Predicting the future

[scikit-learn]    [bokeh]    [Azure Databricks]    [Python]

Imagine getting an organized view of all the various error messages that could ultimately make your car break down half-way on a long road trip. Wouldn’t you want to fix it before it failed? 

Now you might be able to do that - if your car is a wind turbine. We might be stretching the analogy a bit but the concept is the same. With help from Software Innovation (SI), the guys in the digitalization department of Equinor’s New Energy Solutions (NES) business area are developing a dashboard tool to help predict the future.

“It would be of great value to us if we can use machine learning to go back in time and look at the error message history, recognize patterns that lead to a wind turbine failure and then prevent them from happening,” Nenad Keseric tells us.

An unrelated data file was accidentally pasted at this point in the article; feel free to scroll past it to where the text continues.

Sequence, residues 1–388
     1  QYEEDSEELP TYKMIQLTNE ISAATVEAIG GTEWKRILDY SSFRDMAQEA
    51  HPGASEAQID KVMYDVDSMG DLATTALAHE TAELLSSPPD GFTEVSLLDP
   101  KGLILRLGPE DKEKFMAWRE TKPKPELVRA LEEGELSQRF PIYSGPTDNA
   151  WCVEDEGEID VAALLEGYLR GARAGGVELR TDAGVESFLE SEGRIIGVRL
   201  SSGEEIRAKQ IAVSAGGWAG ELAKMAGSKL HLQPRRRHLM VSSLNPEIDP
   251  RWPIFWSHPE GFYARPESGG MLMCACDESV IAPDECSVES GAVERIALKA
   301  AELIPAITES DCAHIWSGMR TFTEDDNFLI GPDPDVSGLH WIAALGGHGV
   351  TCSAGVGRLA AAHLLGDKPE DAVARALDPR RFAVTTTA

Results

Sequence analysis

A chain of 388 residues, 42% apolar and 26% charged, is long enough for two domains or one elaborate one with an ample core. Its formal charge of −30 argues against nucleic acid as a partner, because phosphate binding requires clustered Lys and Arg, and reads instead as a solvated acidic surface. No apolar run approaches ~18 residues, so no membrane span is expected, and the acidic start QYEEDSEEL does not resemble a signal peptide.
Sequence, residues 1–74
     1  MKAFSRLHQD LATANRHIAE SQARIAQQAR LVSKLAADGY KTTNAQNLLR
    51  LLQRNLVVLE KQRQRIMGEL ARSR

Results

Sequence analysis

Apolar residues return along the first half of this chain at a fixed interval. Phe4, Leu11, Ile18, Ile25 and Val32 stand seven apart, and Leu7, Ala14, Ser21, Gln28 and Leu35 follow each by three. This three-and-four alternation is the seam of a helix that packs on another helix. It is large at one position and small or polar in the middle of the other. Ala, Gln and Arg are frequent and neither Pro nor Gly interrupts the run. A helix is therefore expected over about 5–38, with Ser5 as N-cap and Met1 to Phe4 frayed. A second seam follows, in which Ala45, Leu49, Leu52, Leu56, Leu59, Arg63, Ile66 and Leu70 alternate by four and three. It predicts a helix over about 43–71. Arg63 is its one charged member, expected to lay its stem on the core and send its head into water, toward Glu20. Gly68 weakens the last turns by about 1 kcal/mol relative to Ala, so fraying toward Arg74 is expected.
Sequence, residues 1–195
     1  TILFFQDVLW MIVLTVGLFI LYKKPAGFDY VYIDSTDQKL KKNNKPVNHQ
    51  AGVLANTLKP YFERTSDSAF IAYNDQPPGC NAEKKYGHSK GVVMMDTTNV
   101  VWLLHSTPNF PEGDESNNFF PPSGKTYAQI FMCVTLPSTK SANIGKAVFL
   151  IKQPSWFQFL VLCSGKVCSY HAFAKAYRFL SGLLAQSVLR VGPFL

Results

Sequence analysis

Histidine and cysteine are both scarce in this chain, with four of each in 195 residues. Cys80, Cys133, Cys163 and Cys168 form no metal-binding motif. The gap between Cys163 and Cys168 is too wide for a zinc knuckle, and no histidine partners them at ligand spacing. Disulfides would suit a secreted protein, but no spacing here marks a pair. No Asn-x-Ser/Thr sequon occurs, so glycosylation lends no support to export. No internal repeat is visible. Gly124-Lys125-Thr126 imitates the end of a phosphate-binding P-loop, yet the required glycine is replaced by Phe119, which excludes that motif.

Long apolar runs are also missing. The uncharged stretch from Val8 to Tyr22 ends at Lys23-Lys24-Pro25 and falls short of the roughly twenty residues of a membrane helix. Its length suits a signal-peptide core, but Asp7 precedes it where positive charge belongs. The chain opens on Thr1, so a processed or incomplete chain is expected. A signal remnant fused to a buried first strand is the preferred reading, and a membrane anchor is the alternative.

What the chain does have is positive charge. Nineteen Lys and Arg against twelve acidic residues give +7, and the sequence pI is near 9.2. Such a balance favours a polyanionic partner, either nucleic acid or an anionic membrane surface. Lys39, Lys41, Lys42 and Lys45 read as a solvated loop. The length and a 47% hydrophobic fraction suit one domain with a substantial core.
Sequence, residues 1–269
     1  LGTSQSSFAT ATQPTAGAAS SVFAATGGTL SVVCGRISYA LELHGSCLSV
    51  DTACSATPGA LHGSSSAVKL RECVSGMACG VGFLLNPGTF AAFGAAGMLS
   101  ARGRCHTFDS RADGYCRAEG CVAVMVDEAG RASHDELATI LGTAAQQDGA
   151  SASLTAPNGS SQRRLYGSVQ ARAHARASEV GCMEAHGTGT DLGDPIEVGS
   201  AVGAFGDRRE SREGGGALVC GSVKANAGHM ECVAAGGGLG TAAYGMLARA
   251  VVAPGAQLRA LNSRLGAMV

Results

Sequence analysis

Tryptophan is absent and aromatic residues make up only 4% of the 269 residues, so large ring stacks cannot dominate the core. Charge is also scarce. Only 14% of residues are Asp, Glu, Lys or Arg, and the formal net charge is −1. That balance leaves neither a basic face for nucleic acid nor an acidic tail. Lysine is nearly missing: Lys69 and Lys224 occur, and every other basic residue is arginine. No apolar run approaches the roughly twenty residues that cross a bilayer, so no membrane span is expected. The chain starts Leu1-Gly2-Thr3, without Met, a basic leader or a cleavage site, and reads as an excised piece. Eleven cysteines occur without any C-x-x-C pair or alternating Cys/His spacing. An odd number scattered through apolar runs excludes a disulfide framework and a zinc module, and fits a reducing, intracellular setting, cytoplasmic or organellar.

He’s the product owner for NES’ digital platform and the leader of their data science team, so naturally Nenad is working together with SI to create this new future-telling tool. With all of Equinor’s wind farms being located many miles out at sea, it’s not always easy to head on out to fix a turbine failure.

It's getting windy in the cloud

Our wind turbines are equipped with thousands of sensors (1), which all gather data. These data are now being uploaded into the cloud (2), which makes it easier to access and share the data (2a) - or create new tools (2b).

Tackling a challenge

The collaboration between Software Innovation and NES began when they wanted to upload data from their wind turbines into the cloud. This let them access and share data more easily, but NES also wanted to see what this data could offer them.

“We were tasked with making all this data available in the cloud, but we also came up with suggestions on what the data could be used for together with NES,” Marita Midthaug explains.